The ever-tormented successful artist syndrome

“The whole rock and roll life was really heavy and it was soooo much work and it was soooo every day intense. Being in Fleetwood Mac was like being in the Army. You have to be there and you have to be there on time. Even if there’s nothing you have to do, you have to be there.”

It isn’t anything like being in the Army. It’s disrespectful and delusional to imply as much. In the Army, people try to kill you by shooting live rounds at your head.

I was channel surfing and alighted on this interview with birdbrain Stevie Nicks. Listening to people prattle on about the agony of answered prayers makes my teeth grind. It’s my bête noir. I’m sure wealth and fame are no picnic. But you should only discuss its attendant horrors in private amongst your fellow tortured multimillionaire navel-gazers. You had to be on time. Poor you. I have to be on time for my 5:20 bus every morning or it leaves without me.

Stevie Nicks isn’t the only cry baby. Just the latest. Sticking with the military motif, Björk was promoting Dancer in the Dark, a movie she starred in with Catherine Deneuve for which she received much praise and an Oscar nomination. During a press junket, she said filming was:

“…like signing on to war, going to the Vietnam War. I believed I might die. Acting is like jumping from a cliff without a parachute.”

Idiot.

A few years back, singer Nora Jones said this of the meteoric success of her first album:

“On the first record I was everywhere, and it was, like, the worst time in my life.”

Gosh. That sounds awful. I’ll bet you’re happier now that you’re back to irrelevance.

Stand down, thumb-suckers, and let Brad Pitt show you how it’s done:

“It’s so tough being an actor. Sometimes they bring you coffee and sometimes it’s cold. And sometimes you don’t have a chair to sit on.”

Finally, these words from British director Sam Mendes. Rule #25 of his 25 Rules for Directors:

25. Never, ever, ever forget how lucky you are to do something that you love.

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Perhaps it was the way the light spilled over it or the intoxicating effect of being surrounded by so much great art or the excitement inherent in these auctions, but this canvas glowed and pulsed. Its edges changed. The longer I studied it, the deeper it drew me in. What a shame I’ll never see it again.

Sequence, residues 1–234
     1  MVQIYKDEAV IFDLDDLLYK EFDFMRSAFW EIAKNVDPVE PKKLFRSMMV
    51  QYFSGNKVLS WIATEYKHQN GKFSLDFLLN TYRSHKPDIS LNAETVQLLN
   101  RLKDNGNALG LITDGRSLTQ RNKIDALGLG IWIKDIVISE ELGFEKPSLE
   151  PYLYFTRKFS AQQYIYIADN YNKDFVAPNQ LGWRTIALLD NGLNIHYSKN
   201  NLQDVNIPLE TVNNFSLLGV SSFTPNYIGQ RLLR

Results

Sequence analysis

Mark Rothko
Saffron
Est. $25,000,000—35,000,000
Sold for $32,375,000

I’m pretty sure you could recreate this in your garage. And it wouldn’t cost you $500K.

Philippe Parreno
My Room is Another Fish Bowl
Mylar and helium
Est. $250,000—350,000
Sold for: $516,500

Fill a couple dozen mylar fish balloons with helium. Place a fan in the corner of a small room. As the air circulates, the fish “swim.” Walking through it gives you the sensation of walking in an aquarium. A few bong hits can’t hurt.

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“You shall not molest or oppress an alien, for you were once aliens yourselves in the land of Egypt. …If he cries out to me, I will hear him; for I am compassionate.”

Exodos 22:21

“The Supreme Court has allowed the third version of the Trump administration’s travel ban to go into effect. For now, most citizens of Iran, Libya, Syria, Yemen, Somalia, Chad and North Korea will be barred from entering the U.S.”

The New York Times
December 4, 2017

Nice work, Evangelical hypocrites. You knew this would happen but you voted this monster into office anyway.

Earn millions painting Christ

I assume you’ve read about the $450M da Vinci. Christie’s marketing department gets an A+. Instead of selling this in the Renaissance auction where it belonged, they sold it in the Impressionist and Contemporary auction. da Vinci has nothing whatsoever to do with Contemporary art. But the Renaissance auction is a slow, staid, dull affair, full of musty, old bidders with their moldy, old money. The Contemporary auction is SEXY. The results speak for themselves.

I enjoyed the scandalous aspects. There’s a contingency of experts who don’t think it’s a da Vinci at all. Others think it’s genuine, but the restoration and cleaning was too aggressive. They restored the da Vinci-ness right out of the painting. I stood in line for :20 minutes to see it. It was beautiful to behold. I particularly liked how the glass orb was rendered.

But half a billion? It’s a good thing they didn’t donate that money to poor people. They would’ve just wasted it on stupid stuff like food, housing and education.